Celebrating Easter in Prague and Beyond

From egg decorating to holiday baking and tips for Easter events and trips, how to celebrate Czech style

Expats.cz Staff Jason Pirodsky

Written by Expats.cz StaffJason Pirodsky Published on 24.03.2016 14:38:32 (updated on 24.03.2016) Reading time: 2 minutes

Forbes called it one of the most spectacular Easter celebarations in Europe but for those who are not yet familiar with the ins and outs of the Czech easter holiday, here is your Velikonoce (Czech for Easter) cheat sheet. 

Do you know your days of the Czech Easter week?

It all begins with Ugly Wednesday when schoolchildren start their holiday break; on Green Thursday boys arm themselves with traditional wooden rattles in an effort to scare off Judas. This is repeated on Good Friday and White Saturday (when our little noisemakers go door-to-door for gifts). On Easter Sunday eggs are painted; Easter Monday sees the main events: whipping by pomlázka and feasting.

Řehtačka / Wikipedia: Matěj Baťha
Řehtačka / Wikipedia: Matěj Baťha

About that whip: it may be a traditional spectacle that gets worldwide media attention every spring, but the Czech practice of whipping women with a bundle of willow twigs is beginning to feel a little outdated. We suggest having a go at making your own and using it for decorative purposes only (take a photo and send it to us if you manage)!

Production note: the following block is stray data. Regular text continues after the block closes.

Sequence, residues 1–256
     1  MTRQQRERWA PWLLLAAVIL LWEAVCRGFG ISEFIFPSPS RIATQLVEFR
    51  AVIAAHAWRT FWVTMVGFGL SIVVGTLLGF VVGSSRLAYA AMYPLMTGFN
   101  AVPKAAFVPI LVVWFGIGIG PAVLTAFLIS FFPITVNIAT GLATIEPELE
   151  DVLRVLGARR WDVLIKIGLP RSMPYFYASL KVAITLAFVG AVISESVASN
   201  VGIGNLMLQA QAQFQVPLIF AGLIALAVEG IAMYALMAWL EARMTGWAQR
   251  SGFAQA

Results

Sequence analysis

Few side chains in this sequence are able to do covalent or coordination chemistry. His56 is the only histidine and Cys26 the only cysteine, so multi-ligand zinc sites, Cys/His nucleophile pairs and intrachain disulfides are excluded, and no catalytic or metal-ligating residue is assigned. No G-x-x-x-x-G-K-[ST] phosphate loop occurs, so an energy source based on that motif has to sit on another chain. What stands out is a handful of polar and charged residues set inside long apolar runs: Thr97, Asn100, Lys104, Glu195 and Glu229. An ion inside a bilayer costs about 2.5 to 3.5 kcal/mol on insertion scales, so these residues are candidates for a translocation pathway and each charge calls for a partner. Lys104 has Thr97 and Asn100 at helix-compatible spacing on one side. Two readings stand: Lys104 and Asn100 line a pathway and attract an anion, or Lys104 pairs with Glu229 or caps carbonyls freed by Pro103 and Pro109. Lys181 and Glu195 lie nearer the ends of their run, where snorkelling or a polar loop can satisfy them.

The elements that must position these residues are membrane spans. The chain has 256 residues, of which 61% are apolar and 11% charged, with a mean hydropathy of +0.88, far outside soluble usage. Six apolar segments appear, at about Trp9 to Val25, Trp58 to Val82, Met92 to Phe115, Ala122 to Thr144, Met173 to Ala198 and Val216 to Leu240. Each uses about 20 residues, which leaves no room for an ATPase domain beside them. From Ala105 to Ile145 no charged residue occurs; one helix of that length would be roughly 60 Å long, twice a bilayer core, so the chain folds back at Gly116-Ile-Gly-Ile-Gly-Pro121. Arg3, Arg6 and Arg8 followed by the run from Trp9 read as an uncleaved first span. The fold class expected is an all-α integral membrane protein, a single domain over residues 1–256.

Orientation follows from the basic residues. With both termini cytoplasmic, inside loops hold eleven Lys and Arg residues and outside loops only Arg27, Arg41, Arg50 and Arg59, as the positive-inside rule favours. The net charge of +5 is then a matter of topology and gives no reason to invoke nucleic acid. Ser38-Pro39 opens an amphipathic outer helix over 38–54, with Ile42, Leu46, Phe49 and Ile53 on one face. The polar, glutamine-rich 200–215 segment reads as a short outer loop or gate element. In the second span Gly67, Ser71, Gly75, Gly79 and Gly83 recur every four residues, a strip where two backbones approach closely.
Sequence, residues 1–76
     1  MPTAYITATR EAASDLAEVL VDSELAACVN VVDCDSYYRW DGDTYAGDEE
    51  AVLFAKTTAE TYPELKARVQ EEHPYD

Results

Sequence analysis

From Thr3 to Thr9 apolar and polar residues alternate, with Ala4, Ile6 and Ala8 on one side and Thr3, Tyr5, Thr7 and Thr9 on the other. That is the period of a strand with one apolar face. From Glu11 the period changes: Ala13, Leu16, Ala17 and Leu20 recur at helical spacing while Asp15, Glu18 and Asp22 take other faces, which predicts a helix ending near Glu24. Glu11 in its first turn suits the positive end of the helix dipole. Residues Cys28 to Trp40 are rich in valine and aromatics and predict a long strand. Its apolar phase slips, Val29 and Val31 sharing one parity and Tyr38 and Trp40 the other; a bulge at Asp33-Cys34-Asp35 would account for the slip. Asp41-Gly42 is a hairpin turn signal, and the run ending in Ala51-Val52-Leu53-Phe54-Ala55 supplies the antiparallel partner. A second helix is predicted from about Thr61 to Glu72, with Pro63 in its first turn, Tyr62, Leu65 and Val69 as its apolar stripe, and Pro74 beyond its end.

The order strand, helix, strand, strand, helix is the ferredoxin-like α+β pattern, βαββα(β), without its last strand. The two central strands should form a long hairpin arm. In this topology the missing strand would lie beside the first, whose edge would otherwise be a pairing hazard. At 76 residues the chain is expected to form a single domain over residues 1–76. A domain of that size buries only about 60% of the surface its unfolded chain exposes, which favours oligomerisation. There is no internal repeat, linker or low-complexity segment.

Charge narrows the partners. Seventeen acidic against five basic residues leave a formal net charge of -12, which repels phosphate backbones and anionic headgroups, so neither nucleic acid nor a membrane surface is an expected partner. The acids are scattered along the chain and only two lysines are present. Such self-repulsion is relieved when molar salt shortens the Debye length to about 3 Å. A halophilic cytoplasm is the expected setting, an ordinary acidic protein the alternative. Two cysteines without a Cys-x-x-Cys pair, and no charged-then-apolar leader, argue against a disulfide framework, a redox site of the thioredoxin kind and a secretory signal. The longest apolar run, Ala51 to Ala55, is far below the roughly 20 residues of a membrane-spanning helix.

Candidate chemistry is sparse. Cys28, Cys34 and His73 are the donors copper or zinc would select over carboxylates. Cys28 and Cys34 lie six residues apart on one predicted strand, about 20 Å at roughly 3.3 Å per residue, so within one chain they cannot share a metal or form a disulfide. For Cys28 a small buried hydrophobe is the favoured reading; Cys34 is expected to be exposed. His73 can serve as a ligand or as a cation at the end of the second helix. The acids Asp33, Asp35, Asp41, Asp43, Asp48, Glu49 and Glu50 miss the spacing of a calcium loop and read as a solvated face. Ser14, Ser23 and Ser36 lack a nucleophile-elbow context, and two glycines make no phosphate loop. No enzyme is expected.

The Easter Markets, including a new one this year at Prague Castle, are now in full swing through April 3. Among our favorites is the quieter Náměstí Míru market, open until March 28. 

For an even more festive experience, head to the  Vyšehrad Easter carnival from March 24-28. Live music, a lively processional to the riverbank, arts and crafts workshops, and old-fashioned Easter dishes are slated.

Náměstí Míru / Facebook: České vánoční, velikonoční a masopustní trhy
Náměstí Míru / Facebook: České vánoční, velikonoční a masopustní trhy

And speaking of those Easter dishes, try our fail-proof Easter recipes for impressing your Czech friends and in-laws; we also like this instructional on coloring eggs the Czech way…with onion peels!

Not everyone is into cooking and, in fact, Easter brunch is becoming a Prague tradition. Some tips for Easter brunch spots include: La Boucherie & Bistrot M., Augustine Restaurant, Chateau St. Havel, Kalina Cuisine & Vins, and Argument restaurant. See full menus and more Easter dining tips here.

Chateau St. Havel / Photo: Restu.cz
Chateau St. Havel / Photo: Restu.cz

Other Prague traditions include attending mass at St. Nicholas cathedral or Bach Easter cantatas.

If you are leaving Prague entirely—Good Friday is a national holiday this year—here are some travel ideas from castle trips to charming village celebrations to Easter spa excursions.

Photo: Wikipedia / Cheva
Photo: Wikipedia / Cheva

Make sure to brush up on the Czech Easter rhyme and all of the other mainstays of the Czech Easter celebration, touched upon in our article here:

Hody hody doprovody
dejte vejce malovany
Nedate-li malovany
dejte aspon bily
však Vam slepička snese jiny

(Give me a colored egg, if you won’t give me a colored egg, give me a white one and get your hen to lay another.)

What is your favorite part of Czech Easter?

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